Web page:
During the Second World War, military defences were constructed at Titchwell. The drainage of farmland behind the banks was stopped, reflooding the former marshland; zigzag ditches were dug, and pillboxes built into Old Lord's Bank. Between 1942 and 1945, the marsh was used by the Royal Tank Regiment; an armoured fighting vehicle gunnery range was established and new banks were constructed for firing practice, with targets set at 900 m (980 yd) intervals. Some of the still extant islands were built to hold "pop-up" targets, operated by cables from winches in a building whose foundations lie below Island Hide. Remains of the triangular concrete track used by the tanks also survive. Military activities continued after the war, with the Royal Air Force returning to Thornham Marsh between 1950 and 1959. Bombing practice was supervised from a control tower, which was demolished in 1962, leaving only a concrete structure opposite the end of Titchwell's west bank. The remains of two Second World War Covenanter tanks, probably used as targets, are sometimes exposed at low tide.
The wreck of the SS Vina, a cargo steamer built in 1894, can be seen at low tide. In 1944, she was anchored offshore for use as an RAF target when a gale dragged her to her present location and sank her. After the war, some of the wreck was salvaged as scrap. The remains of the Vina are accessible at low tide, but visiting them is potentially hazardous as the wreck is quickly cut off and submerged by the incoming tide. A warning sign on the wreck advises anyone reaching it to return to the beach immediately.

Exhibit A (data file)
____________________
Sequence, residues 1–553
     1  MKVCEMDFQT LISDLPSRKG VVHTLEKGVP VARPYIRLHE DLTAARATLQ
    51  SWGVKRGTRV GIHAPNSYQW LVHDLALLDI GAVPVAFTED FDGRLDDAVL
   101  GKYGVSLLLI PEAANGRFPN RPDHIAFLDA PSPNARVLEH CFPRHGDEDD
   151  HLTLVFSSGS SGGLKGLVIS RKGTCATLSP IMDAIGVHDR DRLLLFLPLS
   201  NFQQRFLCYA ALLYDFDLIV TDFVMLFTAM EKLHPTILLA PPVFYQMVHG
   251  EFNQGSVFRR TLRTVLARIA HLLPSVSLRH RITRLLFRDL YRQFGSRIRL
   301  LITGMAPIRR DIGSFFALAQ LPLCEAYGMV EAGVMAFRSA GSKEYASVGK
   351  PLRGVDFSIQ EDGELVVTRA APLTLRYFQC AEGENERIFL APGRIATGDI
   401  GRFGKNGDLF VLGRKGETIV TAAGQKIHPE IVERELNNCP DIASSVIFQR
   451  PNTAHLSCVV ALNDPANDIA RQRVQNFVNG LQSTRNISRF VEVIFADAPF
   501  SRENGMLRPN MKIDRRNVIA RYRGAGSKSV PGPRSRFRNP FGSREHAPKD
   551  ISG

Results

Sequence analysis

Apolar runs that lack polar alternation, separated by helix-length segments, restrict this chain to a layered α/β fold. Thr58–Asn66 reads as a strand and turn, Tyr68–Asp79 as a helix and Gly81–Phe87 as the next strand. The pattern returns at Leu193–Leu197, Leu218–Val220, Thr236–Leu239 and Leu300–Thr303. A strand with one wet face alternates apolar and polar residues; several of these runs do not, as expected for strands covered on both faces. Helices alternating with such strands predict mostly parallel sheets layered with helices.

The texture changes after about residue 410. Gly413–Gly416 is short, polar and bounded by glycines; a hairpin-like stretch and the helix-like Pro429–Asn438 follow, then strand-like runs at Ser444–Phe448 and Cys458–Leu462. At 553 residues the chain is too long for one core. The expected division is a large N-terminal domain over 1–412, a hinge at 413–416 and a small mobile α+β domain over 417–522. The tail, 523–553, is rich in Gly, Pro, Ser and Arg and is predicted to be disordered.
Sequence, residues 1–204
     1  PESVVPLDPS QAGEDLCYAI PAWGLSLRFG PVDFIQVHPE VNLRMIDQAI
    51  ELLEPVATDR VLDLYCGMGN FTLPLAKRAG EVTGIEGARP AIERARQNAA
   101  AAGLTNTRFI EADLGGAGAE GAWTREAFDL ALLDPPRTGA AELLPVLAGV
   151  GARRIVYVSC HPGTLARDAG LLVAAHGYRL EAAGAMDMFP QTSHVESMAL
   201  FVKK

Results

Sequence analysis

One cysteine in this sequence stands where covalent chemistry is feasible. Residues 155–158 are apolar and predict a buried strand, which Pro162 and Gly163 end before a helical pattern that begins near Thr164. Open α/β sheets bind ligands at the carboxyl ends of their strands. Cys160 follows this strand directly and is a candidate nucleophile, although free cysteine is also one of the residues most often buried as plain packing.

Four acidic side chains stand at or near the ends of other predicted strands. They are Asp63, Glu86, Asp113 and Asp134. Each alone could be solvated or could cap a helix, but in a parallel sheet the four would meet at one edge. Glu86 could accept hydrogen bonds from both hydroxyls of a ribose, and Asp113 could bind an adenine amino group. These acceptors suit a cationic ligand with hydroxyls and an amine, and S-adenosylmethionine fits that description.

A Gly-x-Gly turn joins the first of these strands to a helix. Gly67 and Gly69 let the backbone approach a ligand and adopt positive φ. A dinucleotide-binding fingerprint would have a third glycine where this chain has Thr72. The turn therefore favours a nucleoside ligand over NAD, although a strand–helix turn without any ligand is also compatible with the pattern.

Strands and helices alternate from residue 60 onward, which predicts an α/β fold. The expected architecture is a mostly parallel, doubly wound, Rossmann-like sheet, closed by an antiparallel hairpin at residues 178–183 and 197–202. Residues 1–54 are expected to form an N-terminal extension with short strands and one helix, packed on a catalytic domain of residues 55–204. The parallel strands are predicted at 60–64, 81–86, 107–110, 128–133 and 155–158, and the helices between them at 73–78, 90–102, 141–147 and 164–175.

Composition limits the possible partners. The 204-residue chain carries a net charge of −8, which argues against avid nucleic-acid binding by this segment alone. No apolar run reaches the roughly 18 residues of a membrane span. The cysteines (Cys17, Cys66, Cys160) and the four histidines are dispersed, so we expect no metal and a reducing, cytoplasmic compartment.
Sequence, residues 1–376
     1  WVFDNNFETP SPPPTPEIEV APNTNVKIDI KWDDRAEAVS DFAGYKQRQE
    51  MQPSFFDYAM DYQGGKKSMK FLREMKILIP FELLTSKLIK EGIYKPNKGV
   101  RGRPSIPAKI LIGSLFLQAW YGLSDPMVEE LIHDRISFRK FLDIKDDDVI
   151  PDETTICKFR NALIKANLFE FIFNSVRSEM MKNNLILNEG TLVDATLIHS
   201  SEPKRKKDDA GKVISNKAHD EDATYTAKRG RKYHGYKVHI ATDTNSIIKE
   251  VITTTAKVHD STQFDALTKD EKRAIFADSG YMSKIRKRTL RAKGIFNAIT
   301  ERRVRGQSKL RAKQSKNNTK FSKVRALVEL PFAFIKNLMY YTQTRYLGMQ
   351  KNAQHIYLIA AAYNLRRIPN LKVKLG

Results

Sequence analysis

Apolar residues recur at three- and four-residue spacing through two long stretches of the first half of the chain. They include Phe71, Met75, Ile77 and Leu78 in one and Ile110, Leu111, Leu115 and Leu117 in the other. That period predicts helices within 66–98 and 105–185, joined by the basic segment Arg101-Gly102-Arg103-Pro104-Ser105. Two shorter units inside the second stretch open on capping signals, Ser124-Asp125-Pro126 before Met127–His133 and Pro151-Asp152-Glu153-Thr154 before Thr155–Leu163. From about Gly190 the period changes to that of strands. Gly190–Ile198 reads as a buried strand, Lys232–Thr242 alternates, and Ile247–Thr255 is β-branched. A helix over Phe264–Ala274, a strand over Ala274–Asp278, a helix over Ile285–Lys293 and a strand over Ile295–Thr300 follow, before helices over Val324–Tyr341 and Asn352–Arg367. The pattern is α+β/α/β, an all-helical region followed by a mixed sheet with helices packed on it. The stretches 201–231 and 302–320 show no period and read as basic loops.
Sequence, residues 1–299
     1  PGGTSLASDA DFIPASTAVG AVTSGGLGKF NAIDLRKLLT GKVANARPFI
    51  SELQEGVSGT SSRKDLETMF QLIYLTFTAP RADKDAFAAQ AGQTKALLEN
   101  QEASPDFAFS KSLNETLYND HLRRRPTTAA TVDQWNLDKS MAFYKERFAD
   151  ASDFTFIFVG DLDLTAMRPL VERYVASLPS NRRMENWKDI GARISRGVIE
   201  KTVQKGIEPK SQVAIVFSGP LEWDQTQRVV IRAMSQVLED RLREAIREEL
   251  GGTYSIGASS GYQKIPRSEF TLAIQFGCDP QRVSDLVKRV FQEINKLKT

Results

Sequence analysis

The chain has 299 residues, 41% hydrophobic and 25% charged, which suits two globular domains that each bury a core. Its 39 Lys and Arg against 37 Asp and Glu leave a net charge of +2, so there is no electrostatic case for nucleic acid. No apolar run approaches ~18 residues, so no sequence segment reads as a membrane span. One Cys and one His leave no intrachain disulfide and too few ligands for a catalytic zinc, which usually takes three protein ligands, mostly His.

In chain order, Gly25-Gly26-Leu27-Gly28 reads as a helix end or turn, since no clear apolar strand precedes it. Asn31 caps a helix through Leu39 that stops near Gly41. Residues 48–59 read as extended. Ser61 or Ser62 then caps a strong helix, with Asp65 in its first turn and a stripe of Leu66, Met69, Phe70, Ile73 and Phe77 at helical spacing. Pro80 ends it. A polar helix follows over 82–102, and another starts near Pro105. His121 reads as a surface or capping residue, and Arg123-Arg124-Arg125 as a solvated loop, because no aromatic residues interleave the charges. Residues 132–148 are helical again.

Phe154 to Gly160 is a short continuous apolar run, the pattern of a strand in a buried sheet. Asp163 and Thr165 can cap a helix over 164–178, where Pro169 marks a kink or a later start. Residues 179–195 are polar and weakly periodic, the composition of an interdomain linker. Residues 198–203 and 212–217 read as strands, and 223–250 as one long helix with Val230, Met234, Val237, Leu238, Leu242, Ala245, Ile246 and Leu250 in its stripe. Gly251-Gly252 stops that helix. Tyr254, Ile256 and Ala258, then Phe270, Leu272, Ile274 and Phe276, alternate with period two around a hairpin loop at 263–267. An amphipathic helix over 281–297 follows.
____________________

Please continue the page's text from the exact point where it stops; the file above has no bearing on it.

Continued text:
Behind the sea wall, the marshes were drained after the war, and reverted to farmland, but the bank was breached in the North Sea flood of 1953, returning the whole area to tidal saltmarsh dominated by sea aster. The construction of a new sea wall across the reserve created a shallow freshwater lagoon, with a reed bed on its northern side and a vegetation-free brackish marsh.
Between 1970 and 1972, a pair of Montagu's harriers, Britain's rarest breeding birds of prey, nested in the reed bed. The RSPB bought the reserve in 1973 for £53,000 (£461,000 in 2021).2018 The Montagu's harriers did not return, but marsh harriers did, and the RSPB commenced improving the habitat and facilities, including embanking the lagoons and building a car park and visitor centre. Avocets, then still very rare in the UK, first bred here in 1984. The visitor centre facilities were improved between 1987 and 1989 to cope with the numbers of visitors.